Given Prime Minister Narendra Modi’s famous comment that China had never "intruded into our border", it was hardly surprising that the last rounds of talks ended in failure. If the Chinese had never transgressed, what was there to discuss? What in fact were India’s military leaders, politicians and the media bleating about? But why blame the Prime Minister alone? After his first visit to China in 2003, the late George Fernandes, defence minister in Atal Behari Vajpayee’s government, announced in Singapore that his new slogan would be "Chase China". And to think that for years until then the Chinese had refused him a visa because he had called China "India’s Enemy Number One"! The switch from undying hostility to fervent admiration recalled the old gag: What did the politician eat yesterday? Answer: What he had said the day before.
China was reduced to just another item in the short-term stock-in-trade of India’s political rhetoric.
However, this enigmatic ambivalence was moderated when Qi Fabao, a Chinese soldier who was involved in the Galwan clash of June 2020, was selected as one of the 1,200 torchbearers for the Winter Olympics in Beijing. The title of "hero regiment commander for defending the border" conferred on him by China’s Military Commission indicated that Beijing attached far more importance to the Galwan Valley conflict than Mr Modi’s earlier cavalier dismissal had suggested. Unfortunately, India’s belatedly sharp rejoinder only confirmed the impression of trying to be all things to all people at the same time.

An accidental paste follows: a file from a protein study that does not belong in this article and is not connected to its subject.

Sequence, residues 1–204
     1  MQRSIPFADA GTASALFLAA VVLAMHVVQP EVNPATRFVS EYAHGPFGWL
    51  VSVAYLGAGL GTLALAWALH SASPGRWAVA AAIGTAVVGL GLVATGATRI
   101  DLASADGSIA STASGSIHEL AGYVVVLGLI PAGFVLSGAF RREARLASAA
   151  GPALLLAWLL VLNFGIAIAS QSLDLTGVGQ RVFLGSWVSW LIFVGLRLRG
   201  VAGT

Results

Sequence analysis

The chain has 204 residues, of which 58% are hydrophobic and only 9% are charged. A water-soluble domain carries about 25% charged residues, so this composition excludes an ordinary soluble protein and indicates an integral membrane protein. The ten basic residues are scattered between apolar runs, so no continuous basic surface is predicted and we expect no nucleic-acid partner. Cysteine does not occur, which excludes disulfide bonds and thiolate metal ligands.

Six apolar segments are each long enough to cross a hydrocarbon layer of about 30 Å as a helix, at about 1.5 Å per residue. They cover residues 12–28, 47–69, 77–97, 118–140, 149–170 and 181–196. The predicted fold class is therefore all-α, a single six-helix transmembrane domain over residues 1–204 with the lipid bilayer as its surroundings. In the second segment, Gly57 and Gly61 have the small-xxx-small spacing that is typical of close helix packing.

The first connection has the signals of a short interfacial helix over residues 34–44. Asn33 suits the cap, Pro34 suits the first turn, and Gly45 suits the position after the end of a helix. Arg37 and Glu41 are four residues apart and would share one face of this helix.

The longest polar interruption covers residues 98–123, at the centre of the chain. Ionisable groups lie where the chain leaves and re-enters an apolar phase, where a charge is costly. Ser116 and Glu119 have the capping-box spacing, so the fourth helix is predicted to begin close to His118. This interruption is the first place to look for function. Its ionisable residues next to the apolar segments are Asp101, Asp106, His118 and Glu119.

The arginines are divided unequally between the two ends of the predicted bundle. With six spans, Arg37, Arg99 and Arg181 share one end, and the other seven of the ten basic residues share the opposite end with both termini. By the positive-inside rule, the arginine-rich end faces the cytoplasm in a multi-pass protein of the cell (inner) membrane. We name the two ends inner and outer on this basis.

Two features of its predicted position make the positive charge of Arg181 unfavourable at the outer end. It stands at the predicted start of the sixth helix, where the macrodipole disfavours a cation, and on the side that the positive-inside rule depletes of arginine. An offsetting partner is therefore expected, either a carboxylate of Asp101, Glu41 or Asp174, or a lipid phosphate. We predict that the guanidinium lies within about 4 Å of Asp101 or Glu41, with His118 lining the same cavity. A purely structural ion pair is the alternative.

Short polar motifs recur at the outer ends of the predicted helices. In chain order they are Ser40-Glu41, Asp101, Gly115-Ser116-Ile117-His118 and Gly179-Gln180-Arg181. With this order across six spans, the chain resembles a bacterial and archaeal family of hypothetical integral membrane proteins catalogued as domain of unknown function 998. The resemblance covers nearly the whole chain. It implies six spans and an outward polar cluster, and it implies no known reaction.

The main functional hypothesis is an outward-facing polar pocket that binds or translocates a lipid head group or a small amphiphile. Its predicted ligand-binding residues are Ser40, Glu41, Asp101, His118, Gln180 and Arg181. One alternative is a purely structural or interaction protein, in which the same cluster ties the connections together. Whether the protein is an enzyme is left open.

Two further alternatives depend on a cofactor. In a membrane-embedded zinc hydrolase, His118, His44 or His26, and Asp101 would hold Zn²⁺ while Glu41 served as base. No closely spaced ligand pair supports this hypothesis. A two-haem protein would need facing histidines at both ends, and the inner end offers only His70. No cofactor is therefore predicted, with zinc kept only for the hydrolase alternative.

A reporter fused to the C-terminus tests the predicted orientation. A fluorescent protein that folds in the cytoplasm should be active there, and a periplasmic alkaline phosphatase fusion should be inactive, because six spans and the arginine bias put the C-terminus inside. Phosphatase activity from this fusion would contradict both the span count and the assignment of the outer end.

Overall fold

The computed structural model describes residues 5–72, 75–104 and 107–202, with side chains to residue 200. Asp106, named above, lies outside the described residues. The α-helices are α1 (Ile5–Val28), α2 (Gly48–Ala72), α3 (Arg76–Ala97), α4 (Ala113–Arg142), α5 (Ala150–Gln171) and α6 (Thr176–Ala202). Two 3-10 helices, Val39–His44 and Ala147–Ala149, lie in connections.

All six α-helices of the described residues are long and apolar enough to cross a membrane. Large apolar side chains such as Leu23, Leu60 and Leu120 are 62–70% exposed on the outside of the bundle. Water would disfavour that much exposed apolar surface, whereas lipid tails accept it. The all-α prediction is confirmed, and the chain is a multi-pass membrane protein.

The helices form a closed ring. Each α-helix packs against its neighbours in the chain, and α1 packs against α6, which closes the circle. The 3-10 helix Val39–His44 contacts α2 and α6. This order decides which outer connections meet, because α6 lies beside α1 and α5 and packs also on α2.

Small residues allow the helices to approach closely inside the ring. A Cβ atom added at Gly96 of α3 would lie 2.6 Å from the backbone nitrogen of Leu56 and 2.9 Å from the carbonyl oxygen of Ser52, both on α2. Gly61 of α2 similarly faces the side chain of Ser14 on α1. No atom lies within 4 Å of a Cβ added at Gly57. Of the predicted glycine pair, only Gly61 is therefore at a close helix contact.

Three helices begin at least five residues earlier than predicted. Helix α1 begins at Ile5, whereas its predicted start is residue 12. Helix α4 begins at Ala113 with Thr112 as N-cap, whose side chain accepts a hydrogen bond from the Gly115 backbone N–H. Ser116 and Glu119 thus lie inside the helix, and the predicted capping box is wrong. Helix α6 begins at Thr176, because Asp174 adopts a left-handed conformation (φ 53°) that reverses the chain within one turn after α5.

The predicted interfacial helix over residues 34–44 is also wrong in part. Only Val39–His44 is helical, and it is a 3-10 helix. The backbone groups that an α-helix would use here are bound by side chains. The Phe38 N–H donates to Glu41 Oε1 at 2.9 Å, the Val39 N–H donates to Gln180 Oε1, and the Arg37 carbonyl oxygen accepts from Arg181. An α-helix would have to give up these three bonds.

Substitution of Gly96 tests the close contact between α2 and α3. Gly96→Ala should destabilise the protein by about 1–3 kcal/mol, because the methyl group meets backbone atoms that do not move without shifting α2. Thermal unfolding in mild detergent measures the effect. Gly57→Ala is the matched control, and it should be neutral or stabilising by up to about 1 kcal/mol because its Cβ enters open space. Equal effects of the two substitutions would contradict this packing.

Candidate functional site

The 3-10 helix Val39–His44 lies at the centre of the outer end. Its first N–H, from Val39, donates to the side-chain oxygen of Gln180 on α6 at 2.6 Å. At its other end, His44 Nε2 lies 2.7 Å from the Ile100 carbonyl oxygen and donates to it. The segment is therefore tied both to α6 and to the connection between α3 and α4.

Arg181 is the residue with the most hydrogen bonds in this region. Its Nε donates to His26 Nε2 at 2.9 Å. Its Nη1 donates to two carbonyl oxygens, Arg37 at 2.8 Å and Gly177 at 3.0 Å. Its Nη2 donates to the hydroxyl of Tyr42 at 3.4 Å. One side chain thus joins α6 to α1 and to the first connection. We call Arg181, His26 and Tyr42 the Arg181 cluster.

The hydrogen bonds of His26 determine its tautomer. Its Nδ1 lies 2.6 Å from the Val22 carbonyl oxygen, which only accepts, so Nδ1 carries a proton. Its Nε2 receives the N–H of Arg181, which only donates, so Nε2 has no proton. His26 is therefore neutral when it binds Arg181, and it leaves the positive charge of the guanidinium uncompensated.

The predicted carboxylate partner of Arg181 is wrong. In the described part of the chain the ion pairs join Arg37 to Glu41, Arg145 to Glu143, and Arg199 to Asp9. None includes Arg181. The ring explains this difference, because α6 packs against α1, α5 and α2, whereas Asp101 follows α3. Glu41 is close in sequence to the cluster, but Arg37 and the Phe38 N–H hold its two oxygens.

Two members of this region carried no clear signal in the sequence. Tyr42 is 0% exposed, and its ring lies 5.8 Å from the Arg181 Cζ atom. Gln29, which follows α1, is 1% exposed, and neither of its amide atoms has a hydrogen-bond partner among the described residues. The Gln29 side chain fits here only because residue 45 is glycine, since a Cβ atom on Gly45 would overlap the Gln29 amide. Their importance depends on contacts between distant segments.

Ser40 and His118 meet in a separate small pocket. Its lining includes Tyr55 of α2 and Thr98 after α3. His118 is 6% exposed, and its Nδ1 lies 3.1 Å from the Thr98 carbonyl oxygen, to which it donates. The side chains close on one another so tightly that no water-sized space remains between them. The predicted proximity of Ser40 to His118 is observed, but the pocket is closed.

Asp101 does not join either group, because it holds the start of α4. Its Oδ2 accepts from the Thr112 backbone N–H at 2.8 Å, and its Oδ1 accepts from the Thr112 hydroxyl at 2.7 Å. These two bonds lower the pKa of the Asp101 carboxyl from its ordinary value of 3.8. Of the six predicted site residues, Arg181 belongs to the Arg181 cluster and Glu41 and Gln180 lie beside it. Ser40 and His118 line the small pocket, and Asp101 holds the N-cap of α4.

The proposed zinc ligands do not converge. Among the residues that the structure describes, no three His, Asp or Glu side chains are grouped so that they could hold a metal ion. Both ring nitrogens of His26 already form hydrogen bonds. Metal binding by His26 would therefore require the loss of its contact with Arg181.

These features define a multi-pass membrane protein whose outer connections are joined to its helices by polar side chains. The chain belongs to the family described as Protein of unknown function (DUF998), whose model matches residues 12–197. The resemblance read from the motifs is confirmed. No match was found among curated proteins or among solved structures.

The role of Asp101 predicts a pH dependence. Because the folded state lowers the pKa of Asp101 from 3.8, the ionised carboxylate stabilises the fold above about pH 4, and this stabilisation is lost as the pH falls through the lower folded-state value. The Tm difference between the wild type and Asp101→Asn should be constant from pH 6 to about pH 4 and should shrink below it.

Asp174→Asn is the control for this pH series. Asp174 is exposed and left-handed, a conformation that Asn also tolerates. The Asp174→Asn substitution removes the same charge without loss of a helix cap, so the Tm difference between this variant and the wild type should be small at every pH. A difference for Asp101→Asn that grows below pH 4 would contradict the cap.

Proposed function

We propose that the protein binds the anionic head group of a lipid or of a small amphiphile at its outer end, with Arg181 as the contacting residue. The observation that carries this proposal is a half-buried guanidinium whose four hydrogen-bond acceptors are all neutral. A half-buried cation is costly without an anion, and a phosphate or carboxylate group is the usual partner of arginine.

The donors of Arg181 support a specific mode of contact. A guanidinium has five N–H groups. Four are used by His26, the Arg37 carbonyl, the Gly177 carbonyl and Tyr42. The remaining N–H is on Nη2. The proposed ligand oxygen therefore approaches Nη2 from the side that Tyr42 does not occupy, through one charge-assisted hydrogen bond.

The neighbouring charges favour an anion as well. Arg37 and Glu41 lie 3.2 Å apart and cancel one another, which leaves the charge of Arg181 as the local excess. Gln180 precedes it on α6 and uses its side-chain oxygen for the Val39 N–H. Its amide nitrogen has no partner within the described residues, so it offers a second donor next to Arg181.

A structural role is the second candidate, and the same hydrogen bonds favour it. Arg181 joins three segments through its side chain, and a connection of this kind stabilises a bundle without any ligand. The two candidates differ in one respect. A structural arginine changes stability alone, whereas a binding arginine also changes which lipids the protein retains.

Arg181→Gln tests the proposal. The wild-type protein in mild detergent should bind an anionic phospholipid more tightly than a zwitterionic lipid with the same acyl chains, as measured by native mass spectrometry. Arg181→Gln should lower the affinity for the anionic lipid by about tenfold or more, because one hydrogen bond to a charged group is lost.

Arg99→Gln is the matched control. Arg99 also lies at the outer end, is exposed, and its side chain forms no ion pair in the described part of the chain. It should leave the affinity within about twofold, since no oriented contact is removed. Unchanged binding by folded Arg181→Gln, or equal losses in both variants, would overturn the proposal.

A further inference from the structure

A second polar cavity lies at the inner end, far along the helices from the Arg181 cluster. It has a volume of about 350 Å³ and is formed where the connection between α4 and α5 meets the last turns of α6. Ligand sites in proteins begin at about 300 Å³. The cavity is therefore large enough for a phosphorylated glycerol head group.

Consider the sequence. Mr Modi did not attend the Games’ opening ceremony unlike Russian President Vladimir Putin, Pakistan’s Prime Minister Imran Khan and the Presidents of Kazakhstan, Kyrgyzstan, Tajikistan, Turkmenistan and Uzbekistan. At the same time, India also refused to join the political boycott that the United States organised in protest against China’s treatment of Xinjiang’s Uyghur population and other human rights abuses. While Japan, Australia, Canada, Britain and a number of European countries, including Latvia, Lithuania, Denmark, the Netherlands, Sweden and the Czech Republic supported the US stand, the trilateral Russia-India-China virtual meeting that Mr Jaishankar hosted in November 2021 issued a joint statement which "expressed support to China to host Beijing 2022 Winter Olympic and Paralympic Games".
After Qi Fabao’s appointment New Delhi did announce that India’s charge d’affaires in Beijing would not attend either the opening or closing ceremonies, and that state-owned Doordarshan would not cover either event. But in a classic case of eating your cake and having it, it was also announced that Arif Mohammed Khan, a skier from Kashmir, would remain India’s solitary participant in the event. Did the belated token boycott delight the Americans? Were the Chinese gratified by Mr Khan’s participation? Both are open to doubt.
India should be able to assess the neighbourhood’s reactions in a more tranquil light after Sri Lankan foreign minister G.L. Peiris’ reassuring February visit to New Delhi. But a similar awareness should also extend to China. If nothing else, knowledge of the adversary can only be an advantage in the negotiations to which both sides are committed. The dozen or so Chinese correspondents in India may write little but obviously report much to justify their employment. It would be in India’s interest to match their industry and expertise as the decks are cleared for the 15th round of talks on the Line of Actual Control while China further consolidates ties with Russia without reducing the economic integration that makes it invaluable to the United States.